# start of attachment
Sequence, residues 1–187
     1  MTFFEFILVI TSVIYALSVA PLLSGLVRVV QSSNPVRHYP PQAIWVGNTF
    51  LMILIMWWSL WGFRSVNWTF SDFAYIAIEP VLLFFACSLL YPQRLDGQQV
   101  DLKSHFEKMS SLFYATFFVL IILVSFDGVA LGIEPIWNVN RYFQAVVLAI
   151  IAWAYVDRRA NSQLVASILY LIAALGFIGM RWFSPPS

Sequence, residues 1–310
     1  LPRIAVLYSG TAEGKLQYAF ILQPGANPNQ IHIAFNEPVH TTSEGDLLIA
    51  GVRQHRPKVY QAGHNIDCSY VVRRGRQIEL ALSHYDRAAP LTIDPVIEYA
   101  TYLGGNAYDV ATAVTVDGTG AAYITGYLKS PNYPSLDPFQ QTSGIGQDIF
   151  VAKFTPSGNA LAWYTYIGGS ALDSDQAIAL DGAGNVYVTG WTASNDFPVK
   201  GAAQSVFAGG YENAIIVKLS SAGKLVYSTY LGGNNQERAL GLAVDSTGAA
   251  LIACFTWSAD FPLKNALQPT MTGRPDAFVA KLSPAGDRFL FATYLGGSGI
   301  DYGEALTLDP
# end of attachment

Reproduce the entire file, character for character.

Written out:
Sequence, residues 1–187
     1  MTFFEFILVI TSVIYALSVA PLLSGLVRVV QSSNPVRHYP PQAIWVGNTF
    51  LMILIMWWSL WGFRSVNWTF SDFAYIAIEP VLLFFACSLL YPQRLDGQQV
   101  DLKSHFEKMS SLFYATFFVL IILVSFDGVA LGIEPIWNVN RYFQAVVLAI
   151  IAWAYVDRRA NSQLVASILY LIAALGFIGM RWFSPPS

Sequence, residues 1–310
     1  LPRIAVLYSG TAEGKLQYAF ILQPGANPNQ IHIAFNEPVH TTSEGDLLIA
    51  GVRQHRPKVY QAGHNIDCSY VVRRGRQIEL ALSHYDRAAP LTIDPVIEYA
   101  TYLGGNAYDV ATAVTVDGTG AAYITGYLKS PNYPSLDPFQ QTSGIGQDIF
   151  VAKFTPSGNA LAWYTYIGGS ALDSDQAIAL DGAGNVYVTG WTASNDFPVK
   201  GAAQSVFAGG YENAIIVKLS SAGKLVYSTY LGGNNQERAL GLAVDSTGAA
   251  LIACFTWSAD FPLKNALQPT MTGRPDAFVA KLSPAGDRFL FATYLGGSGI
   301  DYGEALTLDP